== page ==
When the upper bar stool 200 is moved sideways, one of the rear legs 250 is pressed against and restrained by the inside edge of the footrest 170. By preventing one of the rear legs 250 of the upper bar stool 200 from moving sideways, the seat of the upper bar stool 200 which is connected to the rear legs 250 is restrained from moving sideways. Consequently, the footrest 170 of the leg bracing system 180 restrains the upper bar stool 200 from sliding sideways on top of the securely stacking bar stool 100.

FIG. 3 illustrates an alternative leg bracing system 180 with inward bends on the footrest 170. Similar to the outward bends illustrated in FIG. 2, inward bends restrain the rear legs 250 of an upper bar stool 200 from shifting side-to-side when an upper bar stool 200 is stacked on top of a securely stacking bar stool 100. When the upper bar stool 200 is moved sideways, one of the rear legs 250 of the upper bar stool 200 is pressed against and restrained by the outside edge of the footrest 170. By preventing one of the rear legs 250 of the upper bar stool 200 from moving sideways, the seat of the upper bar stool 200 which is connected to the rear legs 250 is prevented from moving sideways. Consequently, the footrest 170 with inward bends restrains the upper bar stool 200 from sliding sideways on top of the securely stacking bar stool 100.

FIG. 4 illustrates an alternative leg bracing system 180 with notches in the footrest 170. When the upper bar stool 200 is stacked on top of the securely stacking bar stool 100, the rear legs 250 of the upper bar stool 200 are positioned within the notches in the footrest 170 of the securely stacking bar stool 100. The notches in the footrest 170 bend around the rear legs 250 of the upper bar stool 200. As the upper bar stool 200 starts to move forward or backwards, the rear legs 250 of the upper bar stool 200 press against the sides of the notches in the footrest 170. Similarly, as the upper bar stool 200 starts to move sideways, one of the rear legs 250 of the upper bar stool 200 presses against the inside of one of the notches in the footrest 170. As the rear legs 250 of the upper bar stool 200 press against the sides of the notches in the footrest 170, motion of the rear legs 250 is restrained. By restraining motion of the rear legs 250, motion of the upper bar stool 200 is restrained. Consequently, notches in the footrest 170 of the leg bracing system 180 restrict forward motion, backward motion and side motion of the upper bar stool 200.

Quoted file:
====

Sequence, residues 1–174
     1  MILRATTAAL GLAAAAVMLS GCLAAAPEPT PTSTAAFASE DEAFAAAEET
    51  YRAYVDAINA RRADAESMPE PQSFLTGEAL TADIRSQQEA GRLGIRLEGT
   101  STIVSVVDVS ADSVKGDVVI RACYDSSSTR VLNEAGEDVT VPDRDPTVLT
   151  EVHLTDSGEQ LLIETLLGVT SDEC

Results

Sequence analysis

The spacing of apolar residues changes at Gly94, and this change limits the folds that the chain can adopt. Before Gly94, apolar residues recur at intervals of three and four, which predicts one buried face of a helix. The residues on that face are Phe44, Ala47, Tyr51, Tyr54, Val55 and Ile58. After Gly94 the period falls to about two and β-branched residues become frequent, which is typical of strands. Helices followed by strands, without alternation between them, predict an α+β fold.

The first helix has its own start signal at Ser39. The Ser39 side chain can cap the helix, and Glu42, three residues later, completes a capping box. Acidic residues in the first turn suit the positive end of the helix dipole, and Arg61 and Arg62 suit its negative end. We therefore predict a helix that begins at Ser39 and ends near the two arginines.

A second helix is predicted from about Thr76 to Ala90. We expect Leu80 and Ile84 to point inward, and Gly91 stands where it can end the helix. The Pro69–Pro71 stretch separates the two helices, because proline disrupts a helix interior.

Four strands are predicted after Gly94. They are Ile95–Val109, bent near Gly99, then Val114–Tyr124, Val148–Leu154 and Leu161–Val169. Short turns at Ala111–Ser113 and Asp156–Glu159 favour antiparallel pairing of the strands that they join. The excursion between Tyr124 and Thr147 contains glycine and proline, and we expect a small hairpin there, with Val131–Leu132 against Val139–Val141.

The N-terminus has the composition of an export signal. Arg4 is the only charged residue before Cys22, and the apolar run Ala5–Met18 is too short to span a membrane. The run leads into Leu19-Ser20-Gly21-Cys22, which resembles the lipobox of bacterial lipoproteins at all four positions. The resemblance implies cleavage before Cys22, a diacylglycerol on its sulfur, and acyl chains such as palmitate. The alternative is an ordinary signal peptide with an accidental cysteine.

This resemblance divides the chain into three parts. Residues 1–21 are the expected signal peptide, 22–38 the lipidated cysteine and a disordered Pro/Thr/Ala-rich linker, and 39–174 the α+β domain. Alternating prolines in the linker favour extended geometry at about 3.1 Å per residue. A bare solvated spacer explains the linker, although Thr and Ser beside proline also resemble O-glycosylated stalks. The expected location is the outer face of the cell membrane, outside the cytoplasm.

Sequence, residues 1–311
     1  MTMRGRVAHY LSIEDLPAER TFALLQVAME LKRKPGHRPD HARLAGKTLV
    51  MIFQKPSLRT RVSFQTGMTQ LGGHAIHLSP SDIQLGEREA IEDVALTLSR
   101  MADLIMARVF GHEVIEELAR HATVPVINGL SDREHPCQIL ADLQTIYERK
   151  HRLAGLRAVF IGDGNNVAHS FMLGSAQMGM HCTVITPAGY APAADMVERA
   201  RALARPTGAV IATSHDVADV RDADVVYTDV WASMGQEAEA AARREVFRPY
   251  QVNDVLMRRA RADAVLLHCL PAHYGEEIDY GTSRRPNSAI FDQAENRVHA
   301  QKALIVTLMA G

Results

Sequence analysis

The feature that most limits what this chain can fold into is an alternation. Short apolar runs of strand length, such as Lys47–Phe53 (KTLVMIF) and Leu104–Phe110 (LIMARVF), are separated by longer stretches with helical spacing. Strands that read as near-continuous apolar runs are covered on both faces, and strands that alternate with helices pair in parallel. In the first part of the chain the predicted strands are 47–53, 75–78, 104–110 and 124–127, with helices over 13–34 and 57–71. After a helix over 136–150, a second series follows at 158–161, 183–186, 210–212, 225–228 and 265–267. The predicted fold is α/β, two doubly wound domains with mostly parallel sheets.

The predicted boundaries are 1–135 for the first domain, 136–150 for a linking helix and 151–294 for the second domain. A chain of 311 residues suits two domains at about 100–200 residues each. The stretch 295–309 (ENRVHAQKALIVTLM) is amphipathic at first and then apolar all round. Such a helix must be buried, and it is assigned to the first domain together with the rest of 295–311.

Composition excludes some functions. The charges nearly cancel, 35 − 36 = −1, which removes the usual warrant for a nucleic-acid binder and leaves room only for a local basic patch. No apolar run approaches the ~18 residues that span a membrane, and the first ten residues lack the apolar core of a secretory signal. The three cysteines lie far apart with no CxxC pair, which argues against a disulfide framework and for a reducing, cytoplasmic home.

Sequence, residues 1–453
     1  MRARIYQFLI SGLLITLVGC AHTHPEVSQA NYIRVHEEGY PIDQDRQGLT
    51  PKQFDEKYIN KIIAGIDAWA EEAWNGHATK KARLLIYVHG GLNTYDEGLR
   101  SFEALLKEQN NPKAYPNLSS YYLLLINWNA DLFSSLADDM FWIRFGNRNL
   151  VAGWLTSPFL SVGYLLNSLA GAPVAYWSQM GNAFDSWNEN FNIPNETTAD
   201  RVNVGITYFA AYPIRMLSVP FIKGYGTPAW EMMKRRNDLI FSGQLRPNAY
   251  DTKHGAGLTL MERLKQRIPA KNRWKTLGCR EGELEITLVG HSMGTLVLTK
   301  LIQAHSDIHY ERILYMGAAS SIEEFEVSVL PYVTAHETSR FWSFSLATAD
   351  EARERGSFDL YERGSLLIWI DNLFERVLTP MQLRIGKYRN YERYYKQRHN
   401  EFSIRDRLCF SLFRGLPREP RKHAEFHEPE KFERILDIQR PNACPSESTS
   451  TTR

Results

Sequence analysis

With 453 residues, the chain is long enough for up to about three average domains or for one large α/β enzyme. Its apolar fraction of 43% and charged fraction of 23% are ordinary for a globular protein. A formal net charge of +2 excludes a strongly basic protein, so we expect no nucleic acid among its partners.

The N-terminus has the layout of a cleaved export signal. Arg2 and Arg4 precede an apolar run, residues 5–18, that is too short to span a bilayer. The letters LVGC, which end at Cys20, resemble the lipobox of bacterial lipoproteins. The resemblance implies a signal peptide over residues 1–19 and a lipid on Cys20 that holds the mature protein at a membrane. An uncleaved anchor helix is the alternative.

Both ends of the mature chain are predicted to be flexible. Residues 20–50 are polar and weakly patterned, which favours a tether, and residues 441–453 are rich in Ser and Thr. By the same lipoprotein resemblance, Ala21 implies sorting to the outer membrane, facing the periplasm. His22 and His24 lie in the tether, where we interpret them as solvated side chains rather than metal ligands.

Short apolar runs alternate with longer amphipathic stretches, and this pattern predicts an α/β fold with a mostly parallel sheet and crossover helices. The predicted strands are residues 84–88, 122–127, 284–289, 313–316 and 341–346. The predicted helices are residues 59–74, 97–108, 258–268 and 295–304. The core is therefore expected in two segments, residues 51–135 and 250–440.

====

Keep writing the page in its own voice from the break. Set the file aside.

FIG. 5 illustrates an alternative leg bracing system 180 with fasteners 185 and bends in the footrest 170. As previously described, the bends in the footrest 170 restrain sideways movement of the rear legs 250 of the upper bar stool 200. To restrain forward movement of the rear legs 250, the leg bracing system 180 includes the fasteners 185. The fasteners 185 may be pieces of rope with female portions of a snap fitting on one end that snap to male portions of a snap fitting attached to the rear legs 150 of the securely stacking bar stool 100. The remaining ends of the ropes are each attached to one of the rear legs 150 of the securely stacking bar stool 100.

After the upper bar stool 200 is in place and stacked on top of the securely stacking bar stool 100, the ropes are wrapped around the rear legs 250 of the upper bar stool 200. The female portions of snap fittings on the ends of the ropes are then engaged with the male portions of snap fittings attached to each of the rear legs 150 of the securely stacking bar stool 100. By wrapping the ropes around the rear legs 250 of the upper bar stool 200 and securing the ends of the ropes to the securely stacking bar stool 100, the rear legs 250 of the upper bar stool 200 are restrained from moving forward.